- Practice wiping the backside in the bathtub.
- Put a handkerchief or scarf in their back pocket for the child to reach for and pull out.
- Put stickers on the child’s back or pants for them to reach for and grab.
Wiping with enough pressure
- Work on tearing paper for hand strength and eye-hand coordination to pull off appropriate sizes of toilet paper.
- Use play dough, LEGO, tong activities to develop hand strength.
- Wipe dry erase marker off a dry erase board. Then, position the dry erase board on the ground between the feet to bend and wipe. Then, position it behind the back to reach and wipe.
- Wipe peanut butter or washable paint from a plastic baby doll.
- Help kids to wipe thoroughly by painting with toilet paper with having them try to wipe a blob of paint off a plastic plate and remind them to keep going until the plate was empty.
More perineal care and potty training tips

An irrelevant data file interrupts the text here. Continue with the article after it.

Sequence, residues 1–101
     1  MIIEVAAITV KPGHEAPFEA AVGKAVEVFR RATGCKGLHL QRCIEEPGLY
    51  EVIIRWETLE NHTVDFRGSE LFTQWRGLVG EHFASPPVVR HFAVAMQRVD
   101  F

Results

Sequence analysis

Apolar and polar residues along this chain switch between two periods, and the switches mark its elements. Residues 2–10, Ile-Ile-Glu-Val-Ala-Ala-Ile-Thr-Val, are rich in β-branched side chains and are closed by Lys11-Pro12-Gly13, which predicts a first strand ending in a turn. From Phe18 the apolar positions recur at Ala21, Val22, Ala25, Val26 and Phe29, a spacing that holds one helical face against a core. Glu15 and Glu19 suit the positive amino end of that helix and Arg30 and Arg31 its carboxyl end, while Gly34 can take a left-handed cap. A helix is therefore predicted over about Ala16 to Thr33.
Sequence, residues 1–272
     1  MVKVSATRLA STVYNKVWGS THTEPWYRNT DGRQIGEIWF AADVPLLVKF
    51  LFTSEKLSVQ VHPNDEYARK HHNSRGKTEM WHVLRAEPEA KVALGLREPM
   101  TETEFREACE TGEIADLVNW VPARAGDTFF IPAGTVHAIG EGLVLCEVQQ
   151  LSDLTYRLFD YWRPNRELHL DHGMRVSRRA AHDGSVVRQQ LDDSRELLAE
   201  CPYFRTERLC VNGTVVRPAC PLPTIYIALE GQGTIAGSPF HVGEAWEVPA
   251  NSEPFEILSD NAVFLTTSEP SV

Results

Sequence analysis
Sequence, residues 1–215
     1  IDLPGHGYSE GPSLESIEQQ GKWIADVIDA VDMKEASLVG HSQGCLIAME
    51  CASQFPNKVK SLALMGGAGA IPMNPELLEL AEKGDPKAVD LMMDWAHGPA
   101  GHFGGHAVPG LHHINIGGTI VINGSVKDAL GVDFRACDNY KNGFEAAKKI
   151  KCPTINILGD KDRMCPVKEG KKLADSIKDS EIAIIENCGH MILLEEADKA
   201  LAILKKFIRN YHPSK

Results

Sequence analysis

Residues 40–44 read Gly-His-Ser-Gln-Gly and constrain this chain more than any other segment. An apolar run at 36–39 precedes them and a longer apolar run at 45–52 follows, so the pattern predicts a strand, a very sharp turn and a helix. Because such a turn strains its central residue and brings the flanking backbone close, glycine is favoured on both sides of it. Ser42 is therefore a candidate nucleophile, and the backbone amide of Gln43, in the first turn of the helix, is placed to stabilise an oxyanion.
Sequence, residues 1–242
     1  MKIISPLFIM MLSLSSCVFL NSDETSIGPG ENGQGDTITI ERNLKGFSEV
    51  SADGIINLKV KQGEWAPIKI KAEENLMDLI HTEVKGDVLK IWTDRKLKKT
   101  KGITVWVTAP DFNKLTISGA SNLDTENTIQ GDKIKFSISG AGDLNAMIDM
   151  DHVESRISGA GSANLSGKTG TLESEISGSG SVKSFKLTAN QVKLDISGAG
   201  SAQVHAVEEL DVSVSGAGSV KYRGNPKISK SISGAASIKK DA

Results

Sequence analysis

Looking for more information on underlying considerations that impact toileting? Need strategies, supports, and tools to facilitate independence with toileting skills? Need support strategies for potty training an older child, but not know where to begin?
Looking for ways to help individuals with toileting skills when cognitive, behavioral, motor skills impact participation in independent toileting? Trying to initiate or progress with potty training when a diagnosis of Down Syndrome, Autism, or a motor skills challenge is at hand? Check out the Toilet Training Book: A Developmental Take on Potty Training for Kids of All Abilities.
Sydney Thorson, OTR/L, is a new occupational therapist working in school-based therapy. Her
background is in Human Development and Family Studies, and she is passionate about
providing individualized and meaningful treatment for each child and their family. Sydney is also
a children’s author and illustrator and is always working on new and exciting projects.